74. On Tuesday, a SurveyUSA poll found 71% of Republicans, 93% of Democrats, and 81% of Independents said McConnell should allow witnesses to testify. Just 15% of Republicans said he should not.
  75. On Tuesday, a Monmouth poll found 80% of Americans say Trump officials, as well as Trump himself, should be invited to testify at the Senate trial.
  76. On Tuesday, the Senate began an acrimonious impeachment trial with nearly 13 hours of debate starting at 1 p.m. on the rules and procedures for the trial, ending after 2 a.m.
  77. McConnell had to make changes to rules due to pressure from moderates including Sens. Susan Collins, Rob Portman, and Lisa Murkowski, who said the rules strayed too far from the Clinton trial, and would be seen as unfair.
  78. At a closed door luncheon before the trial, the Senators argued against opening remarks being limited to two days, and not admitting the findings of the House inquiry into evidence without a separate vote.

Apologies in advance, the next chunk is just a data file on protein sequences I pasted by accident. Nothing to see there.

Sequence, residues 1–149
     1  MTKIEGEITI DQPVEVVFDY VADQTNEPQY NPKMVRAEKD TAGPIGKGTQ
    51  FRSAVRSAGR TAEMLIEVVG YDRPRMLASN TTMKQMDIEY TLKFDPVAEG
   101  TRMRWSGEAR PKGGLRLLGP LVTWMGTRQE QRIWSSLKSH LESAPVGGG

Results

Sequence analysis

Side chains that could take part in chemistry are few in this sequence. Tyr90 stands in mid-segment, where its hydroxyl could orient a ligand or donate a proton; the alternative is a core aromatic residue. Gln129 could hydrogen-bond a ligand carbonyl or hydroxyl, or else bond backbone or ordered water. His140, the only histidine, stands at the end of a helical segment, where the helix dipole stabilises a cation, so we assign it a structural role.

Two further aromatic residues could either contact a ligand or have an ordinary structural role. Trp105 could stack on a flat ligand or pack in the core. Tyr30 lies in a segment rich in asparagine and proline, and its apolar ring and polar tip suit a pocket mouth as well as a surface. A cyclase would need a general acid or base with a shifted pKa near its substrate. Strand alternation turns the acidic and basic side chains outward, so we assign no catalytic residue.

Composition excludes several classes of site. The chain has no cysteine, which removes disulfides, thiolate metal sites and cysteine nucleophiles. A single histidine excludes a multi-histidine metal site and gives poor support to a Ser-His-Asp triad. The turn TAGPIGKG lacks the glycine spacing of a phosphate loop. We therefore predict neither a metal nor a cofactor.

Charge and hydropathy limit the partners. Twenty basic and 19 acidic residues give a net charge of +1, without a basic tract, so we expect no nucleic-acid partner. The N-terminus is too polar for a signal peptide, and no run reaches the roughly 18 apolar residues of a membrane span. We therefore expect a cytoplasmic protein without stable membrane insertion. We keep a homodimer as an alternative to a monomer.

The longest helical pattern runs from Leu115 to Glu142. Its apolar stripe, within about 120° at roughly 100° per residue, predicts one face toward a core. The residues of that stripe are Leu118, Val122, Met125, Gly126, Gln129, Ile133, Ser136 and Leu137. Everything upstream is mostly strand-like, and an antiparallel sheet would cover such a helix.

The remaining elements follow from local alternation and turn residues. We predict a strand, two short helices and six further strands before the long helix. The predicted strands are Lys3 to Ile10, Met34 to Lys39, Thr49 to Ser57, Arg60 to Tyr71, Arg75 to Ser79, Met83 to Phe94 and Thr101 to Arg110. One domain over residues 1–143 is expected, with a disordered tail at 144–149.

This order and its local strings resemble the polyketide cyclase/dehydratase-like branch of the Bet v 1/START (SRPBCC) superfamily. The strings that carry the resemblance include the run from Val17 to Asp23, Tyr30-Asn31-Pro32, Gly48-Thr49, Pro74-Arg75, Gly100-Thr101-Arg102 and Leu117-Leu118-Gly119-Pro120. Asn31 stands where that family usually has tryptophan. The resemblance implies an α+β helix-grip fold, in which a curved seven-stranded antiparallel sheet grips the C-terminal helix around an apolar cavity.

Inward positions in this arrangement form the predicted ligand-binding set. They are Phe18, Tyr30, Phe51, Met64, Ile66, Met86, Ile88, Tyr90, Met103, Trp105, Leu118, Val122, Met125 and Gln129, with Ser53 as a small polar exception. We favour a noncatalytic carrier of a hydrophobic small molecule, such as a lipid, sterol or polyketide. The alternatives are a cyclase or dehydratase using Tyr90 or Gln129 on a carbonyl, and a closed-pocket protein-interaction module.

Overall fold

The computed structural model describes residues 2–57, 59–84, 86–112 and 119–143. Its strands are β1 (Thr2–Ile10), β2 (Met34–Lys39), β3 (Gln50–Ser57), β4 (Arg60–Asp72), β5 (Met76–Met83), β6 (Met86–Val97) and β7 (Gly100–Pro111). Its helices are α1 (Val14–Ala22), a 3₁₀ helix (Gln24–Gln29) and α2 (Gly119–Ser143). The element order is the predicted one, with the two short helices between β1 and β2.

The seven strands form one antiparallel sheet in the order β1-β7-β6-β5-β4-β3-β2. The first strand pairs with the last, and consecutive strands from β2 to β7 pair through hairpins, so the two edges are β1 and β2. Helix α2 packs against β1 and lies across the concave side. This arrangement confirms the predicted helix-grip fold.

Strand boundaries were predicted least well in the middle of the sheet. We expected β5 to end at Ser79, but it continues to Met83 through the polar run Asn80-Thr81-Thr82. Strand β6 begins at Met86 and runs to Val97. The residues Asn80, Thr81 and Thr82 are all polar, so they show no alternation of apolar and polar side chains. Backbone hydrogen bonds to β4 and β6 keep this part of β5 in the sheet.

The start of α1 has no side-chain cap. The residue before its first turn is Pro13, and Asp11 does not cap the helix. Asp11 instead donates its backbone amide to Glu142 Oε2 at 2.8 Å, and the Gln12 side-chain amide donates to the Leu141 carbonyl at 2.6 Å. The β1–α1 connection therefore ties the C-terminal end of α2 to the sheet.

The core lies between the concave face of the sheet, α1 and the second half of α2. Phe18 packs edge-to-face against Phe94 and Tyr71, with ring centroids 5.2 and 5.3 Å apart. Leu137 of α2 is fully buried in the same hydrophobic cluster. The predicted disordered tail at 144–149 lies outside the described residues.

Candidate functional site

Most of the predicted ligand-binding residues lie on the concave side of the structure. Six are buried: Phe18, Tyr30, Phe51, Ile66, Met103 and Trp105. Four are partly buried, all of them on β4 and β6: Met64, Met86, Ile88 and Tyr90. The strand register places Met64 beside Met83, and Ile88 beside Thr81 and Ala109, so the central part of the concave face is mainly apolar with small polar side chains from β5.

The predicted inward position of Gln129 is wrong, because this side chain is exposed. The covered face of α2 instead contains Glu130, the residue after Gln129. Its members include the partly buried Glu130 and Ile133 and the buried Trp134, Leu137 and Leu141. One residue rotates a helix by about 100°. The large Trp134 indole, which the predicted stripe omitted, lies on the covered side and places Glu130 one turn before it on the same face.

79. McConnell rushed to submit a revised copy of the resolution, which included handwritten changes, to extend opening remarks to three days per side and House records would be admitted into evidence.
  80. Schumer told reporters of the last minute changes, “The public realizes how unfair the McConnell proposal is, and the pressure that we have put on them and on Republican senators has gotten them to change.”
  81. Also an hour before trial, the House impeachment managers submitted a written rebuttal rejecting Trump’s claims that abuse of power was not an impeachable offense and that it was legal to block officials from testifying.